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IP Cases & Commentary – Details

25 March 2010

Registered Designs and Design Rights

Paul Price

What is a registered design/design right?

A registered design is a monopoly right which is granted by a Designs Registry on the basis of a registered design application and protects the visual appearance of the design depicted in the application. The protected design comprises the 3-D or 2-D features as depicted in the application, and it is their visual appearance that is protected and not any underlying technology that might be embodied in any product to which the visual features are applied. If you want to protect the underlying technology, you will need to file a patent application. There is also a form of intellectual property right called design right or unregistered design right, which as the name implies does not require any registration procedure in order to protect a particular design. It comes into existence (or “subsists”) automatically when the design is created and can exist in addition to any registered design that you obtain for the design but is generally thought of as being a less useful form of protection because of its shorter duration and because of the need to prove that the competitor had knowledge of your design when the competitor was designing their allegedly-infringing product. This “knowledge” requirement does not apply to a registered design, because a registered design is a monopoly right and infringement is simply determined by comparing the registered design with the competitor’s allegedly-infringing design. Thus, a registered design is optional but can be very useful, although it incurs some cost as it needs to be applied for; whereas a design right is automatic but free of charge, although it can be difficult to enforce against a competitor because of the requirement to show that the competitor had knowledge of your design.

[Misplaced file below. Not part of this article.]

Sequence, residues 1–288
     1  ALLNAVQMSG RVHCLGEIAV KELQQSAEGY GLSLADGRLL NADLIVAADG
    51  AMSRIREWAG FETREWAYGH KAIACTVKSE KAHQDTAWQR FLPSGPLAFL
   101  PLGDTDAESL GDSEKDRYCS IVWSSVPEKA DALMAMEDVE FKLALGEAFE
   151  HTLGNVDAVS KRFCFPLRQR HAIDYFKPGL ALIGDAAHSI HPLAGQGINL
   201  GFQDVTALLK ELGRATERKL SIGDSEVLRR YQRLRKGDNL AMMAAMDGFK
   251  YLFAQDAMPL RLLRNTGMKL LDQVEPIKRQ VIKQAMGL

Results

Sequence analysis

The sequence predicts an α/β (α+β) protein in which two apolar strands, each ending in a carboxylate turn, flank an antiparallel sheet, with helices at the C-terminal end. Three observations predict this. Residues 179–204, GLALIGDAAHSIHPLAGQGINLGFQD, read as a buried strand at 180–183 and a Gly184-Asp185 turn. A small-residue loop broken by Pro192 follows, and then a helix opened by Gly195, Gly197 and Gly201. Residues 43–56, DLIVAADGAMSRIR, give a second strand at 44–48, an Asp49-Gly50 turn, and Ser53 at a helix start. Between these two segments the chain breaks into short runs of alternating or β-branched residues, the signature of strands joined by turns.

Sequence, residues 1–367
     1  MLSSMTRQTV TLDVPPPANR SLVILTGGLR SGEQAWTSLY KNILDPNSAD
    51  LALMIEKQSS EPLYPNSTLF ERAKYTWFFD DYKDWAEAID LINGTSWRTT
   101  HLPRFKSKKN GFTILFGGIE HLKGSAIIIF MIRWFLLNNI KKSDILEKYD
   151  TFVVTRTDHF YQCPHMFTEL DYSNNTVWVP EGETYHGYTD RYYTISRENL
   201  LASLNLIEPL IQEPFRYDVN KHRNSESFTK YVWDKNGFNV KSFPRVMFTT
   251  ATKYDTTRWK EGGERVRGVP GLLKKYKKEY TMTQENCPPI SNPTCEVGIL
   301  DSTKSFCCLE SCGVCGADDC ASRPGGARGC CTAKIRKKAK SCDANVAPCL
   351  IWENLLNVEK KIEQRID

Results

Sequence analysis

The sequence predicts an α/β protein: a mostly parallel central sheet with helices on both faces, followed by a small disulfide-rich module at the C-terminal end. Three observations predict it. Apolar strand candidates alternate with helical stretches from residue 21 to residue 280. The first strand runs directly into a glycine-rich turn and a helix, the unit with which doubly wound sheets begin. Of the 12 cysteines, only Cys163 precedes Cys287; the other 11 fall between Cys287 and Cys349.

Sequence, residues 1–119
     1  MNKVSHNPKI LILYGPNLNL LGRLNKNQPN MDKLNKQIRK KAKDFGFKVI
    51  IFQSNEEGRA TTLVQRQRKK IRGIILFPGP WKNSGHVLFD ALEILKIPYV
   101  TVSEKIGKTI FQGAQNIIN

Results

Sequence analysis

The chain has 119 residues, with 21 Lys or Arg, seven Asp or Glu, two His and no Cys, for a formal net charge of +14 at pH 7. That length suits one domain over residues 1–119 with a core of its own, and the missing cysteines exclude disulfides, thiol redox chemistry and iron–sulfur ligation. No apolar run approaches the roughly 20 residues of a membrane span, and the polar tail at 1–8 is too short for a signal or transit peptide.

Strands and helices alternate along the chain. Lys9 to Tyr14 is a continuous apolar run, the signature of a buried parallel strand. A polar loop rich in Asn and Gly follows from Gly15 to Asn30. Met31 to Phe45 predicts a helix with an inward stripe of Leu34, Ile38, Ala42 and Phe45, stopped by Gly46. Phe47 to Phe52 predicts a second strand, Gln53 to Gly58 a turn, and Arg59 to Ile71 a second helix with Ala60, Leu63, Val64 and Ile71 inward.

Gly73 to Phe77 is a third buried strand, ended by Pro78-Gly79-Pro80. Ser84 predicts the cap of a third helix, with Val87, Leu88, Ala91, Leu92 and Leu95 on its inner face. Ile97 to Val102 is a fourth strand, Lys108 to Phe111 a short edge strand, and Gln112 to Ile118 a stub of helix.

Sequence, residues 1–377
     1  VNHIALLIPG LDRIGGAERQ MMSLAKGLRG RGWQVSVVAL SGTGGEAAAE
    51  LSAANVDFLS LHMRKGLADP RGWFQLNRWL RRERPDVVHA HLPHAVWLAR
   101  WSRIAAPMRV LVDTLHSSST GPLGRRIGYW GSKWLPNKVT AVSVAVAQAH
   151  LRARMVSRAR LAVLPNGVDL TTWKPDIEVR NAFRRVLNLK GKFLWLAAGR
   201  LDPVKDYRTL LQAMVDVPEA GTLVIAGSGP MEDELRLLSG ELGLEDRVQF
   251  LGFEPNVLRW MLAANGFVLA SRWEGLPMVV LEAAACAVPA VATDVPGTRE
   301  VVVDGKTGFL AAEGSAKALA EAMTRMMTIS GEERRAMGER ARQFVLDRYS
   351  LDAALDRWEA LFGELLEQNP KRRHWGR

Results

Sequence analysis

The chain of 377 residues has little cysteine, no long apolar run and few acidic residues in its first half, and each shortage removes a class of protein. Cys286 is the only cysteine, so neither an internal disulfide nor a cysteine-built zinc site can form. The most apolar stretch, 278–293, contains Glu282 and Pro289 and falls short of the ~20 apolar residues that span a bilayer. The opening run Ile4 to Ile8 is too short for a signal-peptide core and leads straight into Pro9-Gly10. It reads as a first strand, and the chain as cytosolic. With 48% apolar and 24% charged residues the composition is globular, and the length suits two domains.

Who owns a registered design/design right?

For both a registered design and for unregistered design right, the starting position over ownership is that ownership resides with the designer. UK design law automatically transfers ownership to any entity that commissioned the design or, if the design was not commissioned, to the company that employed the designer. European design law will usually automatically transfer ownership to the designer’s employing company, but does not automatically transfer ownership to any commissioning entity. Thus, an assignment of ownership may be necessary.

Who can apply for a registered design?

A registered design application can be filed by the owner of the design, which starts off as being the designer, although ownership may have automatically passed to the designer’s employer or to the person who commissioned the design, or may have been assigned to some other entity. Particular care should be taken if, for example, a company has developed a new brand and has used an outside design agency to produce the design elements for the new brand, such as new logos, new artwork, new packaging etc. All of these elements are potentially suitable for being protected by means of registered designs, but the company will need to review the contract with the design agency to ensure that the ownership of the intellectual property has been passed over to the company. If necessary, specific assignment documentation should be drawn up and executed before the registered design applications are filed, in order to underpin or substantiate the fact that the company is being named as the applicant (owner) on the application forms.

What can and cannot be the subject of a registered design?